An AI rebel alliance, Google fires Margaret Mitchell, and more!

Last Week in AI #105

Mini Briefs

Band of AI startups launch ‘rebel alliance’ for interoperability

More than 20 AI startups have together created the AI Infrastructure Alliance to build a software and hardware stack for machine learning and adopt common standards. Dan Jeffries, chief tech evangelist at Pachyderm who will serve as director of the alliance, said the group began to form from conversations beginning more than a year ago. The businesses, together, aim to offer an alternative to offerings from Big Tech cloud providers. Jeffries claims that the giants merely build infrastructures to lock customers in, while the alliance aims to build a stack that works in multiple environments. The alliance will initially focus on small partnerships between developers working on tools and frameworks and creating test software for integration.

Google fires researcher Margaret Mitchell amid chaos in AI division

The firing of Dr. Timnit Gebru from Google AI has been followed by a flurry of controversy and internal discontent. Dr. Gebru received a great deal of public support and two Google employees even quit in response to her ejection from the company. Among her most fervent supporters was her co-lead of the Ethical AI team, Margaret Mitchell, who posted a public letter about the incident that was strongly critical of Google. Mitchell had recently been locked out of her Google email and investigated for her handling of company data. Google has stated that she used automated scripts to retrieve internal documents and shared those documents outside the company. Google fired Mitchell on Friday, February 19, and has since made steps to restructure its Ethical AI team.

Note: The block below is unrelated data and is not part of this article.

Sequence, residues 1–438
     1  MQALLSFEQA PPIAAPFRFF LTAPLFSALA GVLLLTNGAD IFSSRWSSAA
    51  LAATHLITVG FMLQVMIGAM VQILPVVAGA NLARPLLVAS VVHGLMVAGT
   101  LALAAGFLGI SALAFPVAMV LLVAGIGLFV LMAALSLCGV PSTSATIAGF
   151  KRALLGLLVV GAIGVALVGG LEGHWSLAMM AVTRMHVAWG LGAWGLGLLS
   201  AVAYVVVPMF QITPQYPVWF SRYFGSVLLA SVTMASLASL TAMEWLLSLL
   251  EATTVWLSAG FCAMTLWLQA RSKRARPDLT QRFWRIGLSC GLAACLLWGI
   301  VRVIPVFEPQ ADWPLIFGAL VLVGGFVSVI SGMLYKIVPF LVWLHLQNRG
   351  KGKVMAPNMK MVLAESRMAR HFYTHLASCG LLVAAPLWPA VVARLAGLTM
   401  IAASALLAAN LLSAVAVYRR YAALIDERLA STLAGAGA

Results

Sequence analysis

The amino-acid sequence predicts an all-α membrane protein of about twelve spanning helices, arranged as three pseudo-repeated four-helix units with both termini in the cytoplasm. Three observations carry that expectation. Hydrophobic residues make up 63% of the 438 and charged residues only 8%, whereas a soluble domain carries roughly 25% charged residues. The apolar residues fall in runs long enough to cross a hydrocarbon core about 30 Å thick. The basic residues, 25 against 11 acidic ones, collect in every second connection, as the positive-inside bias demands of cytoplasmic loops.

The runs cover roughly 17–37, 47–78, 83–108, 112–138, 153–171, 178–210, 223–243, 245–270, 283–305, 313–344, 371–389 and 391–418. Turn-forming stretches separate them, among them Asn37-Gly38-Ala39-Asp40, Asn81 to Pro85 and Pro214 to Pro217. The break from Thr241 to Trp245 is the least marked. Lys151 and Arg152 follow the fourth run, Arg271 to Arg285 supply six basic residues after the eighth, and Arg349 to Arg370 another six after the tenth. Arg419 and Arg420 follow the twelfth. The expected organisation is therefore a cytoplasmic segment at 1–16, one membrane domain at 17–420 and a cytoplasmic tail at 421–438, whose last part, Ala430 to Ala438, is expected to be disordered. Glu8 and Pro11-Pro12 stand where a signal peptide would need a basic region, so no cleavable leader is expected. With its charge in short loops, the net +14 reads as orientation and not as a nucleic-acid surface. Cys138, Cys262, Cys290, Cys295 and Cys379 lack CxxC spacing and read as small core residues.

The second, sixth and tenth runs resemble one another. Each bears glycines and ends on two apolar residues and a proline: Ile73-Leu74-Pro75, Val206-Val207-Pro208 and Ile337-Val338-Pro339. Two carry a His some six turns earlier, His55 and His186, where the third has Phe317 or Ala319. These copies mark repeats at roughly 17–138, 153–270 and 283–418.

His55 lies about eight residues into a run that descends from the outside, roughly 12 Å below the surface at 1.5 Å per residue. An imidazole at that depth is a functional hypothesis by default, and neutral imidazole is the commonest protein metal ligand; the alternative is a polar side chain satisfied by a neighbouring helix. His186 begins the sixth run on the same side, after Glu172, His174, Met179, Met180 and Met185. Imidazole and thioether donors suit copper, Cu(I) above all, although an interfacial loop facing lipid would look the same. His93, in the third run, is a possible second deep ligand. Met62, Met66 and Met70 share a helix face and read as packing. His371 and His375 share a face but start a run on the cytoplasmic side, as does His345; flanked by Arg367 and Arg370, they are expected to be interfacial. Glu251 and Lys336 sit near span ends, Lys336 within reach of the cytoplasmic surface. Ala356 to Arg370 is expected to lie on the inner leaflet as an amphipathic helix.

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  • Biden should double down on Trump’s policy of promoting AI within government - "Trump’s recent executive order on promoting the use of artificial intelligence in government agencies, however, presents a rare bipartisan sentiment and promises to improve government policies and services across the board. The current administration should not only maintain this policy, it should make it a priority."


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